In Red Meat Friday: Commit Messages Don’t Matter, the author references Matt Rickard’s post Commit Messages Don’t Matter. Below is the Irreal quote:
Matt Rickard makes the case that commit messages don’t matter and that our time is better spent elsewhere. My personal policy is to give a hint as to what the commit does and leave the details to diff or other appropriate commands. Once you get out of code police mode, it’s pretty clear that Rickard is right. But, of course, none of us want to get condemned for apostasy so we pretend to agree with the received wisdom.
On the surface, I disagree with the above.
Commit messages do matter; they are your opportunity to create one more artifact for the future archaeological efforts of reconstructing context. Your chance to say the why, to paraphrase the what, and to connect to prior work.
Let’s dig in to where I agree and build out from there.
From Matt Rickard: “pull requests are the de facto reviewable unit and workflows should probably be designed around them.”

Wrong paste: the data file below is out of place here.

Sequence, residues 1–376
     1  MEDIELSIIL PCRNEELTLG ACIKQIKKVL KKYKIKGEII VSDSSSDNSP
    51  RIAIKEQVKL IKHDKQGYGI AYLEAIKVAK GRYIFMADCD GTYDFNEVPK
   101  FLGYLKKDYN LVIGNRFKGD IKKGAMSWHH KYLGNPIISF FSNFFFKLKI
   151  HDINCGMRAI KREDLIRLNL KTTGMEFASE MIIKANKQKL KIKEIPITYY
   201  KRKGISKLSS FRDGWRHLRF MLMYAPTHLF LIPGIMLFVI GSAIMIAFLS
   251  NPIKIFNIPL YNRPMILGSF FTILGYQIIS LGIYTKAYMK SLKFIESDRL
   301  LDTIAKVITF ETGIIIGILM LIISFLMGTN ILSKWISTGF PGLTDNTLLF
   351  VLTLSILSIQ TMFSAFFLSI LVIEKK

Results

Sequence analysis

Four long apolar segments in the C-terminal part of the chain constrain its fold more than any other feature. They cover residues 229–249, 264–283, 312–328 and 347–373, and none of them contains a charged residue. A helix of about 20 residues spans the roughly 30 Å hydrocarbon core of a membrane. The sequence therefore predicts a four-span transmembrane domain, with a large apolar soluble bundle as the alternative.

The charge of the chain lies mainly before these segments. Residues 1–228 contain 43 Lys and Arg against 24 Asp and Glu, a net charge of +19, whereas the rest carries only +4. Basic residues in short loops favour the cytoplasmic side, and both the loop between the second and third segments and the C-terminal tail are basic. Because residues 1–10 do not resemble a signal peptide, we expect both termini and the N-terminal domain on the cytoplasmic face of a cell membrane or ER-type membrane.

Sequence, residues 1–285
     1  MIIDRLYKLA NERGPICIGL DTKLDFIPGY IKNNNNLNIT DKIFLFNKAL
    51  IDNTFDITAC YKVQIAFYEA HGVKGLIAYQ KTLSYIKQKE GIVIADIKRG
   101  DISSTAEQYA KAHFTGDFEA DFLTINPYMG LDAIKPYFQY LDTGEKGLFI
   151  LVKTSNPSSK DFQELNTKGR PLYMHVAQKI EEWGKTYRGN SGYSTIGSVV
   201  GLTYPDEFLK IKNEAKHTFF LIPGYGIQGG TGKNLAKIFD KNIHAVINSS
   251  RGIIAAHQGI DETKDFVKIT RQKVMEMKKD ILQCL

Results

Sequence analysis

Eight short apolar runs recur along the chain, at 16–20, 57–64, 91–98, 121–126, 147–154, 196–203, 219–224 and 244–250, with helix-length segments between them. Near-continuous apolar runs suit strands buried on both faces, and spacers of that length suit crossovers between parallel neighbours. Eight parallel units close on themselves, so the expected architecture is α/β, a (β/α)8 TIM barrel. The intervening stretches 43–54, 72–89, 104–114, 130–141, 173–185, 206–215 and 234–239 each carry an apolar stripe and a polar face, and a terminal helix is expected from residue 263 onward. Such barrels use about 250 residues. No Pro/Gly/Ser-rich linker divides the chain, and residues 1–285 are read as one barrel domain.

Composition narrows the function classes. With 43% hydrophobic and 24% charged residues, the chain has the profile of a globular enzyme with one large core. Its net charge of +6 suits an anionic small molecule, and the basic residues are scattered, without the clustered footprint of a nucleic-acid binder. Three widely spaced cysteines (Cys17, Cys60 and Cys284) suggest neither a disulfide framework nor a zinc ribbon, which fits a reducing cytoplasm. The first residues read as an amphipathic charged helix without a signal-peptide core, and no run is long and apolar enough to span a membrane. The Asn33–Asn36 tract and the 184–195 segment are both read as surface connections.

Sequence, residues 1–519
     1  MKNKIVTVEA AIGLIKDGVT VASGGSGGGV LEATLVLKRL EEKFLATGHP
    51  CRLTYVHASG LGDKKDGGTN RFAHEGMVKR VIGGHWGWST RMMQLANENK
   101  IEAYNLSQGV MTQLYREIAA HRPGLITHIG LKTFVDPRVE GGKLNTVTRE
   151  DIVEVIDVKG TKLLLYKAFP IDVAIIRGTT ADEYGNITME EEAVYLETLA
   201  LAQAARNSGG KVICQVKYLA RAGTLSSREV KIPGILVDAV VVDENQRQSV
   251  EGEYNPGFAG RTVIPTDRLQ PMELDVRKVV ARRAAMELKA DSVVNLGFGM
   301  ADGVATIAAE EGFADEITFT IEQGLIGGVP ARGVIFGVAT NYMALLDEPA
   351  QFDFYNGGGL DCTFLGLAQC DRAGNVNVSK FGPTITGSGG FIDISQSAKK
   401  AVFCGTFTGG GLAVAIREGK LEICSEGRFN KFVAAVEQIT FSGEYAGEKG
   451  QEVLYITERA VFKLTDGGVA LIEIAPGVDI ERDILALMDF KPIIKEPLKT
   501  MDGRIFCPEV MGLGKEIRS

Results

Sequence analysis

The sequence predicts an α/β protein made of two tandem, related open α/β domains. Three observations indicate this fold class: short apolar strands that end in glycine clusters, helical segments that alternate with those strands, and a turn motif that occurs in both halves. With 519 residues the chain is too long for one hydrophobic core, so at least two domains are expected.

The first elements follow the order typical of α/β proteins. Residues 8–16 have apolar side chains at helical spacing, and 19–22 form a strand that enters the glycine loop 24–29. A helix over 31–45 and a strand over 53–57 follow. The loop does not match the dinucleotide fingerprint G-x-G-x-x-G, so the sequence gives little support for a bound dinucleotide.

The above alludes to an assumption of pull request via something like GitHub. But to generalize, let’s talk about them as change sets. The conversation around the change set is critical
The change set is what we are accepting into the code base. I like to think of the commit message as the cover letter for that change.
My personal philosophy of commit messages is to include the following:
- Short descriptive title.
- A statement of why the change.
- References to issues or other changes.
- Optionally a before and after description.
- Optionally the exception/call trace this commit addresses.
I then use that message to populate the pull request’s initial message. I wrote about that in Adding Emacs Function for my Forem Pull Requests. Ideally, once we merge the change set, we’ll also have a reference to the pull request as part of the commit. At a minimum we have the Secure Hash Algorithm (SHA 📖) and can look that up. If you use GitHub’s squash and merge strategy, it will append the pull request number to the commit.
The goal in all of the above is to provide way finding for those reviewing code as well as those later trying to understand context. Those references are an effort to connect into the potential “knowledge graph” that is being built through the development of the software.
All of this follows the principle in software development that you will likely spend more time reading than writing.